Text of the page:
A key limitation of this approach is the focus on the final deposition of data. Because data collection can occur over years, obtaining accurate data provenance is a key challenge.[7] This is especially true for large multisite collaborations. Samples within SEEK are assumed to be immutable (ie, deposited only once), which does not allow for the ongoing collection and updating of information in a simple, coherent, and organized way. We have developed Network Extended SEEK (NExtSEEK), a modified wrapper around SEEK that allows for active data management. We chose to modify SEEK because of its existing functionality, public installation, open-source and modular code, and existence of a public repository. We modified SEEK’s data model to prioritize connections between samples and define discrete sample types that can be freely connected. Sample types in NExtSEEK are mutable to allow researchers to update sample records and add new metadata as required. NExtSEEK also allows for sparsity in data matrices, allowing users to capture only relevant metadata and adhere to the standards of their repository of choice. Finally, we expanded upon SEEK’s ability to extract sample records from Microsoft Excel sheets to allow for greater flexibility in data collection. These additions are designed to facilitate the collection of information alongside the experimental process, help maintain records through staff turnover, share metadata with collaborators, and allow for the integration of datasets. Data and metadata from NExtSEEK are easily exported to the public metadata repository FAIRDOMHub and can be linked to the disparate repositories that hold the respective data files.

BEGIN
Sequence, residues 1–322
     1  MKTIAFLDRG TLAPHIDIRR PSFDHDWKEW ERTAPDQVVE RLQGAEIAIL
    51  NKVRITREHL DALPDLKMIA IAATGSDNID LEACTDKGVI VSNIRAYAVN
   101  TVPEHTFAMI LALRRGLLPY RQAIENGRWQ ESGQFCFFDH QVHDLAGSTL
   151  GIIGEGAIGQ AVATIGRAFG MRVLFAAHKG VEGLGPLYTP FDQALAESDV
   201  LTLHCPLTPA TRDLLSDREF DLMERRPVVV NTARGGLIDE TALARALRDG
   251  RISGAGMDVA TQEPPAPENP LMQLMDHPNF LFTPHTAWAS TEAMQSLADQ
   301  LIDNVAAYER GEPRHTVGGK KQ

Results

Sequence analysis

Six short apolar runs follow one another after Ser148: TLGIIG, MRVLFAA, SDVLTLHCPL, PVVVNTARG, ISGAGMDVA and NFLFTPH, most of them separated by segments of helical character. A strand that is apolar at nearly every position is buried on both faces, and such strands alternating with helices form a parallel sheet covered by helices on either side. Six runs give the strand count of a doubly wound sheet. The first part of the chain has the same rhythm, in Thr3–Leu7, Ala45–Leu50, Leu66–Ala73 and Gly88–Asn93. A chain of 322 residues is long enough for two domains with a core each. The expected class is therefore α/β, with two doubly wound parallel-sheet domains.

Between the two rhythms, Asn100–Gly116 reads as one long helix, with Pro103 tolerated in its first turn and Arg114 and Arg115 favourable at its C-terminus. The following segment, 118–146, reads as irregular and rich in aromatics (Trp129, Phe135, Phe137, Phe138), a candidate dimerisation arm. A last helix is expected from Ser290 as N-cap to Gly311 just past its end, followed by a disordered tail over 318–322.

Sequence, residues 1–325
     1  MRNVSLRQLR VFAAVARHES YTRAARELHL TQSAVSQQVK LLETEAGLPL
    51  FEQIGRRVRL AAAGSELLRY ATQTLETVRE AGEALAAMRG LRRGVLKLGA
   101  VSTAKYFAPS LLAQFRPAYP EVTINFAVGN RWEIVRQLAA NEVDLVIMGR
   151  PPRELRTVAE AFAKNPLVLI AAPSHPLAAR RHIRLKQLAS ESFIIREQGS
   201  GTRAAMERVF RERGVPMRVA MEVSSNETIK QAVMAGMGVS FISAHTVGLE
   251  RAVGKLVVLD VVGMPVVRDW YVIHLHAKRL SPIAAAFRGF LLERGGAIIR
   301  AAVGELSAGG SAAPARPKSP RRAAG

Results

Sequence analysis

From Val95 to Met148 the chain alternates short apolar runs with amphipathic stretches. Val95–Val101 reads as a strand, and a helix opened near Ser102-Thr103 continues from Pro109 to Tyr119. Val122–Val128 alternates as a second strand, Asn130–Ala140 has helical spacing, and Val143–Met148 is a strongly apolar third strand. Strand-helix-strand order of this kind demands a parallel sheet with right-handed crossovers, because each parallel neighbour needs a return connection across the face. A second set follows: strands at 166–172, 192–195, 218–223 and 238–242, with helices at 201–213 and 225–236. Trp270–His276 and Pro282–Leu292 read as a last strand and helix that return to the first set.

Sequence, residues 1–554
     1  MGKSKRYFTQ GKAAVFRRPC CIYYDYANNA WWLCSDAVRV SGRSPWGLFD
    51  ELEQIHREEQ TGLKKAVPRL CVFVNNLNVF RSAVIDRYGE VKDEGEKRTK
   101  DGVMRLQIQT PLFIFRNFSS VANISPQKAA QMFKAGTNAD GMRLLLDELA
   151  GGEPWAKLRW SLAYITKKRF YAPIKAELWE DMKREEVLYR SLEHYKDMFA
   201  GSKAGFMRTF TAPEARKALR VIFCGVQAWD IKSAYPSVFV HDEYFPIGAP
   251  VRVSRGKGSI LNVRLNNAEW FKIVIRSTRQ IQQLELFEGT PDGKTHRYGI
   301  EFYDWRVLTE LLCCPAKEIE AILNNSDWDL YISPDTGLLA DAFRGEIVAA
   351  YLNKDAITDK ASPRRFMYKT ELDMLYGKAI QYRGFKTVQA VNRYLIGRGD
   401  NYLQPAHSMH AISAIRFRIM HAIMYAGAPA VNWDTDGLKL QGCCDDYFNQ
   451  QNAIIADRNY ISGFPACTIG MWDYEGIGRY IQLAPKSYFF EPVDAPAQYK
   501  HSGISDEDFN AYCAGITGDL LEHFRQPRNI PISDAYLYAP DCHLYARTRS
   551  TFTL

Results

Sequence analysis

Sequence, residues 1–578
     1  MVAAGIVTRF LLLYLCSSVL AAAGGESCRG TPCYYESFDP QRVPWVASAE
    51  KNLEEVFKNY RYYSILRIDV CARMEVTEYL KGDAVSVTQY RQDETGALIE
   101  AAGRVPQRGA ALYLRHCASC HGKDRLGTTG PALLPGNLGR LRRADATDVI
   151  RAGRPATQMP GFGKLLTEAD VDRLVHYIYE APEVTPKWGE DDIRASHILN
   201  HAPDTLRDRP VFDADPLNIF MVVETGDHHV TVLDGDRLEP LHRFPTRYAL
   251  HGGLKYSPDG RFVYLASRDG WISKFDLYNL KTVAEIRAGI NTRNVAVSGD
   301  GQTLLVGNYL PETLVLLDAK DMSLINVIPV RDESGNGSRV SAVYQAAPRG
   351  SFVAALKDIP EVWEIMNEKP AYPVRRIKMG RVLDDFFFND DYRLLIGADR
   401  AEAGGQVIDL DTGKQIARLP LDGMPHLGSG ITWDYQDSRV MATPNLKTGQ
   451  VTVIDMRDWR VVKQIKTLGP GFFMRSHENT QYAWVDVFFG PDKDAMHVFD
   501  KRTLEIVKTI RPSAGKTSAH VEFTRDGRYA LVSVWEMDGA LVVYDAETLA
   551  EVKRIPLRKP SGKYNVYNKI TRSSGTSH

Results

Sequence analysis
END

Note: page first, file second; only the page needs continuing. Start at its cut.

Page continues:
In the process of implementing a local SEEK instance for gathering sample and metadata for several large projects, we identified a key challenge: an individual sample handled by multiple users would result in a large number of duplicated sample records on the database, different only slightly by modest changes. For example, a mouse with a record created at birth would get a new record upon an initial treatment protocol, another when challenged with a drug, and another at necropsy. This disconnect between the data records and the physical samples created a very challenging environment, limiting the ability of users to identify key data and metadata points for searching and discouraging reuse by users. Retaining all the protocols separately and uploading a summary at the end could bypass this issue but would be a significant challenge to implement.

To address these challenges, we developed a wrapper around the SEEK architecture, NExtSEEK, which modifies the tool to accommodate sample mutability and improve data capture while not disrupting the derivative archival nature of the platform. First, the concept of assays was modified, moving them from nodes that are parents of samples to the edges between samples, describing either the update of a sample or the connections between samples (Figure 1A).[8] In this way, it becomes clear how a physical sample was processed to give rise to additional samples or datasets. We define assays as experiment procedures described by protocols. Although SEEK defines assays to be discrete measurement events (equivalent to experiments), we have redefined assays to be broad classes, of which experiments are individual instances, that can connect samples across multiple experiments and be reused throughout the project (Figure 1B).

Figure 1